Boeing Gets A Boost

| About: The Boeing (BA)

Summary

Boeing raised its forecast for new aircraft orders from India.

Thanks to a recent policy overhaul, it will now be easier for carriers to fly out of India. Some of BA's largest customers will expand in India as a result.

New demand from India can help mitigate weakness in other regions.

Last month, as part of a broad shift to liberalize its economy and encourage foreign investment, India overhauled its aviation rules to make it easier for domestic carriers to fly overseas. Boeing (NYSE:BA) estimates that India will now need 1850 new aircraft worth $265 billion over the next 20, up 6.3% from the company's prior forecast of 1740 planes. India is a huge market for Boeing, and the industry is growing. Last year domestic air travel in India grew 18.8% (the biggest year-over-year increase in the world), dwarfing the 5% growth in the US and a global average of 5.6%. The new laws will help make India the third largest aviation market by 2020 (behind the US and China), and the increased demand will help Boeing offset slowdowns in other regions.

In the past, India's regulators required that domestic carriers had a minimum of 20 aircraft in their fleet and five years of domestic service in order to fly across borders. With demand for air travel to-and-from the Asia-Pacific region on the rise, the protectionist policy prevented many foreign carriers from operating at desired capacity levels. Now, provided they deploy 20% of their planes or 20% of their capacity (whichever is higher) on local routes, carriers are free to fly anywhere. This will open up a slew of new routes and incentivize airlines to expand their fleet sizes.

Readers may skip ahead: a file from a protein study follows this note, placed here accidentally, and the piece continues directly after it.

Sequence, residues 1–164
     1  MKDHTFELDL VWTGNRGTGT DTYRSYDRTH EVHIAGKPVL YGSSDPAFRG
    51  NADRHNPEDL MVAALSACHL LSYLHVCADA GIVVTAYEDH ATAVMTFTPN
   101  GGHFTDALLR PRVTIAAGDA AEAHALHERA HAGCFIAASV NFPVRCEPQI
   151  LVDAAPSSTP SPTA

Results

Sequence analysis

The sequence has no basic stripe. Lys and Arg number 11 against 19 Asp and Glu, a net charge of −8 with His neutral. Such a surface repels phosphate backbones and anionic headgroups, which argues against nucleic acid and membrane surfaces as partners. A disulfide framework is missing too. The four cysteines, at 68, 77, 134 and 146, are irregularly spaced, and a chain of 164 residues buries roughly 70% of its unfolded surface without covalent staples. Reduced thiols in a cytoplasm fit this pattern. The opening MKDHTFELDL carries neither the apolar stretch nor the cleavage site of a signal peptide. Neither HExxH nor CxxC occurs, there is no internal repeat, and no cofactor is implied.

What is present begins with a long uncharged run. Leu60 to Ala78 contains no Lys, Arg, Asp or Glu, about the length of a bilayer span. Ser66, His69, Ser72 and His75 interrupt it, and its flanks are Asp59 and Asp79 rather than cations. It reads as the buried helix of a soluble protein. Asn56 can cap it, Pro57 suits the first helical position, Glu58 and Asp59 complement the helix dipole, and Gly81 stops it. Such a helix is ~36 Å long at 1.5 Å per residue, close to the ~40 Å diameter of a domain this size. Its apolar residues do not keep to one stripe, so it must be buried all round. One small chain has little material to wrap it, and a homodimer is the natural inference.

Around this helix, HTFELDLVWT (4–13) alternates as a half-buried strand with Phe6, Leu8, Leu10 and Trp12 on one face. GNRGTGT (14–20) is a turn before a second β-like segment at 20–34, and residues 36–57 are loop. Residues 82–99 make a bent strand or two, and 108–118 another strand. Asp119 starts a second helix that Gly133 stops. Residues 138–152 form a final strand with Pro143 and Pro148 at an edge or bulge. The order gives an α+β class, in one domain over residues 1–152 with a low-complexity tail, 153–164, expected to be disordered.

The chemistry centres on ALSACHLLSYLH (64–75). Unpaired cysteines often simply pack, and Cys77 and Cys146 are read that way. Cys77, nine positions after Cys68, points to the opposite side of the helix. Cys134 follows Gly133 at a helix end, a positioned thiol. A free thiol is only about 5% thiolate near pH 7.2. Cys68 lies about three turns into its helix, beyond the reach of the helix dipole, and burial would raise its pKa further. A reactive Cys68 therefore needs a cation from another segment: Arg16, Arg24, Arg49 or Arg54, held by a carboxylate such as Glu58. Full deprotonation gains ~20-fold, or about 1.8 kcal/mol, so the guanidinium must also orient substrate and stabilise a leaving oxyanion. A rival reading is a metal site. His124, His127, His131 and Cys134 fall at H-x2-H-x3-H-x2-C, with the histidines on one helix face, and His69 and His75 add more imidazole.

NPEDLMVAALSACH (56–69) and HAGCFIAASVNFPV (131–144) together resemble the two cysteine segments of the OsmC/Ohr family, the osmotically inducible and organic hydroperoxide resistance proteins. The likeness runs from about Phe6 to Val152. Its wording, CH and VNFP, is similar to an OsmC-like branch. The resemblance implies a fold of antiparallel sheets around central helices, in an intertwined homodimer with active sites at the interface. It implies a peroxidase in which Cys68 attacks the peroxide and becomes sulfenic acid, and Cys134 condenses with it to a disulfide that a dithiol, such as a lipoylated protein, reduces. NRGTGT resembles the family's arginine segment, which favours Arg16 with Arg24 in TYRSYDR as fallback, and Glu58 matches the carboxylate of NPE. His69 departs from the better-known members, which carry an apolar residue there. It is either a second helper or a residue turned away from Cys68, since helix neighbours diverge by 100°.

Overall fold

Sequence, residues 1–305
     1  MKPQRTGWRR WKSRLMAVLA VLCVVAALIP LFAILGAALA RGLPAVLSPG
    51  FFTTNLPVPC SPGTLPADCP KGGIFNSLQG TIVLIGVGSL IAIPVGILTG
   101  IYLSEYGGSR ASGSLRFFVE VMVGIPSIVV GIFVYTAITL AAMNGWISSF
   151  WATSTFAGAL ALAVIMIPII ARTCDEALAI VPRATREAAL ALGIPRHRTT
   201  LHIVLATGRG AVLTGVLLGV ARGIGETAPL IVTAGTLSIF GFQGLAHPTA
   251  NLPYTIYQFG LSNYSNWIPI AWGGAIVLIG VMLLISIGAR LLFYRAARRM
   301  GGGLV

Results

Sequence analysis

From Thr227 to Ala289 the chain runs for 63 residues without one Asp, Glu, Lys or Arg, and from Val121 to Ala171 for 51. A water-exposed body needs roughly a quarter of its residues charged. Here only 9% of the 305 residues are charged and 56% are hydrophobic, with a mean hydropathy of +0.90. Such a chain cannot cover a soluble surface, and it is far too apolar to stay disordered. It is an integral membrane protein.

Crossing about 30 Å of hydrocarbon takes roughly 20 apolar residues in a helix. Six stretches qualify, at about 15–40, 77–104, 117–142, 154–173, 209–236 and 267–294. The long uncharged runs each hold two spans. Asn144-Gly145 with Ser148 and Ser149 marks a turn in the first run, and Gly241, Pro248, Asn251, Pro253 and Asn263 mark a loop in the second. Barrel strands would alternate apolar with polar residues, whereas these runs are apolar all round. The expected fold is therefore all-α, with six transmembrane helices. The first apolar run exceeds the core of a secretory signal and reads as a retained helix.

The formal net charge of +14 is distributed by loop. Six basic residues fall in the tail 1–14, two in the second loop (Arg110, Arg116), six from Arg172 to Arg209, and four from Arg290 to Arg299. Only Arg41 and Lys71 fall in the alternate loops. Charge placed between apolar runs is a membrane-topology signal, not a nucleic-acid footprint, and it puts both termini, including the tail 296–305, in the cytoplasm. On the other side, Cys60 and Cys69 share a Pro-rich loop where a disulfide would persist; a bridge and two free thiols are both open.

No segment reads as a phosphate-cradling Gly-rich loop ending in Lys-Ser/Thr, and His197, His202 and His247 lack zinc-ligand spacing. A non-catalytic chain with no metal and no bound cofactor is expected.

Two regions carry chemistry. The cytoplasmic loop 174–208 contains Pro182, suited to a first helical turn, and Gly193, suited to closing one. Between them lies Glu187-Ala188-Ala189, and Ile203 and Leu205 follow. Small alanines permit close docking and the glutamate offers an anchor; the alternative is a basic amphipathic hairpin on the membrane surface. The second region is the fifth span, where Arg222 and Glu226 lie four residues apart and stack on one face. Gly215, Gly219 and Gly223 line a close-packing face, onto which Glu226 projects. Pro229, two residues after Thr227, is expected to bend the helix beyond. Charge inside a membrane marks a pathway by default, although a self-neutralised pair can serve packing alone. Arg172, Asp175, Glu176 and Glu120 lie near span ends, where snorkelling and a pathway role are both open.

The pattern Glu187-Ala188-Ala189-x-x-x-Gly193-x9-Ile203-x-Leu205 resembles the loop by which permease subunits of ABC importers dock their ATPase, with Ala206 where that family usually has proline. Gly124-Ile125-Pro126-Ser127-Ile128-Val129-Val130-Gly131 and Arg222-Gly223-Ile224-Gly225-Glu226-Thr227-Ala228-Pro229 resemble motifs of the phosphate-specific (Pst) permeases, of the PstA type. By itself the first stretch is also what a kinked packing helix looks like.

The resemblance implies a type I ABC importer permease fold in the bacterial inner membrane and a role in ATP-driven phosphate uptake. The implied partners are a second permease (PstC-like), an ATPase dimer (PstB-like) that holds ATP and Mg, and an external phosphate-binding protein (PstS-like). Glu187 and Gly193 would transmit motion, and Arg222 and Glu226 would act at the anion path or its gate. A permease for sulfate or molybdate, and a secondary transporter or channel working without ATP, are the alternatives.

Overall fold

Middle Eastern airlines will benefit the most from the policy reversal, and these carriers are among Boeing's largest customers. The Middle East is a key hub that connects flights between Asia, Europe, and Africa, so a significant portion of the new capacity coming out of India will flow through Middle Eastern cities on Middle Eastern airlines such as Emirates and Etihad. Middle Eastern carriers will account for the bulk of the new aircraft orders, and this is a big boost for Boeing. In 2014, two of BA's top three customers in terms of new aircraft orders were based in the Gulf Region: Emirates and Qatar Airways (Figure 1).

Figure 1: Boeing Customers

Source: fool.com

Rising demand out of India will help Boeing offset a global slowdown in the coming years. After five years of rapid order growth, it seems the aircraft cycle has reached a peak. Boeing's commercial aerospace backlog runs ten years deep, and there isn't much demand left for new planes. In 2015, BA's orders declined 46%, from a record 1432 planes in 2014 to just 768, which drove down backlog (Figure 2). And, now that oil prices are rising (up 35% over the past six months), it is less profitable for airlines to expand their fleets. The airlines industry is very cyclical; orders often decline for multiple years after prolonged stretches of growth, and we expect orders to moderate in the short-term. But India can help ease the pressure.

Figure 2: Boeing Backlog

Click to enlarge

Source: 10-K

Conclusion:

India's policy overhaul is a boost for Boeing. The company has 85% share of the wide body plane market in India, and some of BA's largest customers will now be demanding more aircraft. With growth slowing in some of Boeing's key markets, the US (40% of 2015 revenues) and Europe (13%), BA will increasingly lean on emerging markets for order growth. India will underpin this growth, and we expect revenues in BA's "Other Asia" geographic segment as a percentage of total revenues to reach the high teens within the next few years (compared to 14% in 2015).

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